reproductive fitness
the likelihood that an individual will successfully reproduce and have their genes passed on to future generations
what questions do we ask about behaviors in species?
why is it adaptive--what problem did it solve?
biologically primary abilities
abilities that were selected for in evolution
biologically secondary abilities
abilities that build on primary abilities, but that are mainly cultural inventions
models of gene-environment interaction
Developmental Systems Approach and the Genotype-environment-theory
epigenesis
the emergence of new structures and functions during the course of development
all levels of biological and experiential aspects (DEVSYS)
interact with eah other-every relationship goes both ways
genetic activity <-> structural maturation<-> function
critical period
the necessary experience must fall during this particular time period in order for a skill to develop
genotype-enviroment theory
genes affect which environments and which experiences a person has
"genes drive experiences"
passive
genetically related parents provide the rearing environment for the child (strongest early in development and then diminish)
evocative
tempermental characteristics of the child evoke certain responses from others in the environment(remain constant through devel)
active
children seek out environments consistent with their genotype
good enough parents theory
because of the strong genotype-environment effects, individual differences in parenting within the normal range shouldn't affect a child's development
Both models propose
bidirectional influences of biologic and environmental factors
models differ
in the degree to which experiences shape the organism vs. the child shaping his/her own
Neural tube
beginning of all our thoughts and feelings--brain on top, spinal cord bottom
unlike other cells in the body, neurons
have to travel/migrate long distances to their places in the brain
Migration
cells move to correct locations via the glial cells--neurons know where to go--can recognize where they are in the brain
stem cells
can transform themselves into any type of cell in the body--turns into cells around it---affected by enviroment
Use it or lose it
if connections are not used, they weaken and are lost/pruned out in order to strengthen appropriate connections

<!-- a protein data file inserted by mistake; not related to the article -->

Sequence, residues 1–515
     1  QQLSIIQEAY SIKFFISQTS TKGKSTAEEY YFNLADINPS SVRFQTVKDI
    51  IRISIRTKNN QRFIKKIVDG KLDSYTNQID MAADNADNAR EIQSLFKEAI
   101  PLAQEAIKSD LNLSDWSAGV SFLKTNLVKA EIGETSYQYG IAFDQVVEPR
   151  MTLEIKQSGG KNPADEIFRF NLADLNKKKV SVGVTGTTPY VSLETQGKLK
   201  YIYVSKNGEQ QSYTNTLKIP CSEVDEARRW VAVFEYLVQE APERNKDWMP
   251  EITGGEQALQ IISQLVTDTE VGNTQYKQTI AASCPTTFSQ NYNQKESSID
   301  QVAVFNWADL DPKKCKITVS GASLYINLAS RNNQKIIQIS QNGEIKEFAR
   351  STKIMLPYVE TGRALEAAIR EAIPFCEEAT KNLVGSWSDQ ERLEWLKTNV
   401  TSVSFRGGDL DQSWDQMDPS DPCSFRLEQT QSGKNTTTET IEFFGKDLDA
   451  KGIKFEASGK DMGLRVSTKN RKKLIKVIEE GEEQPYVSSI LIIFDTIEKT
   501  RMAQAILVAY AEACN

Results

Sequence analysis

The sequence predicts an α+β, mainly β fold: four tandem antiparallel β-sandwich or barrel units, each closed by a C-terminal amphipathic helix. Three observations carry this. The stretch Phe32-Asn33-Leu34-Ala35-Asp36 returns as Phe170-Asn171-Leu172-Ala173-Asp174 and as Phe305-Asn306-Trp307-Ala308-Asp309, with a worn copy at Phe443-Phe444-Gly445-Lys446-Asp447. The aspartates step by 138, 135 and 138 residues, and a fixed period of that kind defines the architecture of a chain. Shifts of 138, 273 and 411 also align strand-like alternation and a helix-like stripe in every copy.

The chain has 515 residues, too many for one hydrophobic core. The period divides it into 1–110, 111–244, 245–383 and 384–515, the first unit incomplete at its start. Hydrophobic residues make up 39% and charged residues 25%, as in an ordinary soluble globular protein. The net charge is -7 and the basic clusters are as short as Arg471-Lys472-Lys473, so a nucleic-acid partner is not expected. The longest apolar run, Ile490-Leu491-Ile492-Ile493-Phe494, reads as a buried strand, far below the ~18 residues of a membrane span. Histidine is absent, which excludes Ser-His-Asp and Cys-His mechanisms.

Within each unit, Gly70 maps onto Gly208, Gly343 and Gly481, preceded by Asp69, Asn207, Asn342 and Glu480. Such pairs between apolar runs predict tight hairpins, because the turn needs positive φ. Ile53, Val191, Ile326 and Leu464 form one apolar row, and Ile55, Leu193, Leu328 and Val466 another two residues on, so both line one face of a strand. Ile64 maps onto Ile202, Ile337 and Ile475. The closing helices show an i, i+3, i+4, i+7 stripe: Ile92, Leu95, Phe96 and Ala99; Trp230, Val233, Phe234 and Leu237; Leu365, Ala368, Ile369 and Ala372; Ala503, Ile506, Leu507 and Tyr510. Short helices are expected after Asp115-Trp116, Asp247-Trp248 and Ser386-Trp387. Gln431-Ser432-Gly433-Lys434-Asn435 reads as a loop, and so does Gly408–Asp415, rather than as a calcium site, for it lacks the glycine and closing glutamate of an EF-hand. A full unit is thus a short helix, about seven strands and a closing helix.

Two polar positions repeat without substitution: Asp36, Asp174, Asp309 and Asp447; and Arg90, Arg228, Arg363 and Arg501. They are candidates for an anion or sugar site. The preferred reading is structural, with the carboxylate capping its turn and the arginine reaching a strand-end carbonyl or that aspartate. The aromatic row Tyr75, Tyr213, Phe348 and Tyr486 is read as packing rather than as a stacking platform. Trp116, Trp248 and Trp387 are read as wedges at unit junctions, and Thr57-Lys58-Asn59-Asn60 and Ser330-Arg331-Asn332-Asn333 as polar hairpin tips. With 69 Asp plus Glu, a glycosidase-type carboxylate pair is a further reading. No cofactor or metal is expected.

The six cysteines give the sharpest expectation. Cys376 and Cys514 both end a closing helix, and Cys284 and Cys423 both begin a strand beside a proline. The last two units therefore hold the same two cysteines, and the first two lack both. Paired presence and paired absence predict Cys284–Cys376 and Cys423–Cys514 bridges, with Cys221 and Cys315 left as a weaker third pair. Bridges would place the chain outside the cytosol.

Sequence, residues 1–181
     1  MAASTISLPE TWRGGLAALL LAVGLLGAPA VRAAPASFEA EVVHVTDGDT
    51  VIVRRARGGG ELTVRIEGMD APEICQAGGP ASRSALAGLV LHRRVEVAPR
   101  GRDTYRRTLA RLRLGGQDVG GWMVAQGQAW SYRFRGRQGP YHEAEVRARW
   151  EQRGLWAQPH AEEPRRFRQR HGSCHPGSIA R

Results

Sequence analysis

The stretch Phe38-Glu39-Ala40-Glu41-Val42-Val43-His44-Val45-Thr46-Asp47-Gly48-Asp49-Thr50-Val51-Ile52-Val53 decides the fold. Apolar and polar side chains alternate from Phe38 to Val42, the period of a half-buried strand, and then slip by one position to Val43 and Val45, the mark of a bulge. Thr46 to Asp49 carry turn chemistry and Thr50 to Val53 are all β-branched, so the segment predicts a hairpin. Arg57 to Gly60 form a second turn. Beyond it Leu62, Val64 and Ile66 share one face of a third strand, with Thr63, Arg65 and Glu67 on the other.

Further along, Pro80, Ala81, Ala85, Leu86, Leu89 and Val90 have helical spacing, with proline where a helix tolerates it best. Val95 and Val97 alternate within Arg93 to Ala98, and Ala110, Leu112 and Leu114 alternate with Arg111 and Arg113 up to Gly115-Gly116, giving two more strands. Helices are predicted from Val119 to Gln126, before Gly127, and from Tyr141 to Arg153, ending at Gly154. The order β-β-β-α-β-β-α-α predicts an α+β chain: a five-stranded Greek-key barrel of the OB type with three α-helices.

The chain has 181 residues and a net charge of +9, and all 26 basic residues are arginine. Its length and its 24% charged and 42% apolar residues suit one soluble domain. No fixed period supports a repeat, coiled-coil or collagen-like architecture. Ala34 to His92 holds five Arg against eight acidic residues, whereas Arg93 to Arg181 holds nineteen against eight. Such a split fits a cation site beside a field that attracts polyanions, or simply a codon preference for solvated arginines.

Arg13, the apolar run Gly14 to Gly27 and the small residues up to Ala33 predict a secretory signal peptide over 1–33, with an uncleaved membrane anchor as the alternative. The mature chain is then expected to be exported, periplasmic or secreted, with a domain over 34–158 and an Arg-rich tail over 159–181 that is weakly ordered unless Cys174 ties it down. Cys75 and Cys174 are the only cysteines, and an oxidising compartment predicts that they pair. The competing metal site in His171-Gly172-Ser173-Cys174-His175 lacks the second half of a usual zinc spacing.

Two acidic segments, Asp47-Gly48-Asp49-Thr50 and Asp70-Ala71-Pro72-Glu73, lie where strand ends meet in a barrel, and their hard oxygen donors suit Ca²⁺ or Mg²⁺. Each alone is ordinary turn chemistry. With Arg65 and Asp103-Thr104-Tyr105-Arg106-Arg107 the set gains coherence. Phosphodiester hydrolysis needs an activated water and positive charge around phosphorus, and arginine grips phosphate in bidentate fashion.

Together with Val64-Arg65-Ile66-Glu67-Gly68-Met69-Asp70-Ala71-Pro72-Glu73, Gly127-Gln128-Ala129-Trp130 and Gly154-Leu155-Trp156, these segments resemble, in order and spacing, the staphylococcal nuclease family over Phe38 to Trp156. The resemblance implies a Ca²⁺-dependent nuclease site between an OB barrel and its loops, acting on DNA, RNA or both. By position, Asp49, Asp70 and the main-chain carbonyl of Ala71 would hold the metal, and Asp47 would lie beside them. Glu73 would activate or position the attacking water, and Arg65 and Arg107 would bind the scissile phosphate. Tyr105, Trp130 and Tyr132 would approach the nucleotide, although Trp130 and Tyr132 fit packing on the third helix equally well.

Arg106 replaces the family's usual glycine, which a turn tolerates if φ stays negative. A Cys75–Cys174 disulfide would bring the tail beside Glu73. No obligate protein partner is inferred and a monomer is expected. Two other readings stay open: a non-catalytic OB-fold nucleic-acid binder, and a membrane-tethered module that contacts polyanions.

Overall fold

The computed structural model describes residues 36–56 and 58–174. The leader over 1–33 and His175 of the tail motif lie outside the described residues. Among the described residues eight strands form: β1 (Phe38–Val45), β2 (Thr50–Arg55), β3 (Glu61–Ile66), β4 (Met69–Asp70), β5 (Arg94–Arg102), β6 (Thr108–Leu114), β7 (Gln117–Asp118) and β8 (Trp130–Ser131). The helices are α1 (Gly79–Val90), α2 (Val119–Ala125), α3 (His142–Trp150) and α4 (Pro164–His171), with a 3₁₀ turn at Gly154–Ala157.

plasticity
flexibility of the brain
Why important to treat infant cateracts
because their vision hasn't developed fully yet---need to patch good eye so that it doesn't develop stronger/faster than weak eye
College entrance exams are designed to
test for individual differences in academic achievement
if a researcher uses different methods to test the same cognitive structure in two different ages she must
-make assumptions about how that structure functions at both ages
-evaluate whether those two diff methods might test two diff abils
-acknowledge the assumptions while interpreting the results
Changes add up in a linear way in what type of development
continuous
parents eager for their child to begin to comunicate often teach their child "baby signs" children who are taught baby signs start to use these words to commun an average of 2 months earlier--this is an example of
facilitation
bidirectionality
the reciprocal relationship between a structure and its actions
a theory of development in which children progress through a predictable order of transitions whih are qualitatively different from each other is called a
stage theory
cognition
knowing things
-explicitly and implicitly
acquiring knowledge
using knowledge
cognitive development
age related changes over time in acquiring, processing and using knowledge
quantitative
incremental changes/increases in knowledge or capactiy
qualitative
thinking that differs by kind/type of thinking # of ways you can think
continuity
changes are slow and gradual-differences among individuals are stable
discontinuous
changes are abrupt and quick--differences among children are not stable
Stages
thinking during one stage is qualitatively different from thinking during the next or the previous one
-thinking during one stage is homogenous
-may be incremental changes in one stage in order to move from one to another
domain generality
general cognitive processes that apply to many domains of cognition--statistical learning and imitation
domain specificity
cognitive processes that are specific to few types of inforation--physical properties of objects
operations
short for operational scheme--operations are as much of a scheme as sensorimotor scheme is a scheme
-cognitive schemes that describe the ways children act on world
4 characteristics of operations
symbolic: a symbol and a referent are separate to an operational child
internalized: physical actions now become mental actions
integrated: organized in complete homogenous structure
rule governed: a system of logical rules is applied to thinking
reversibility
compensation: if change on aspect of something, another aspect of it will take over
inversion: ablility to go forward and backward in though ex: 4+6=10 6+4=10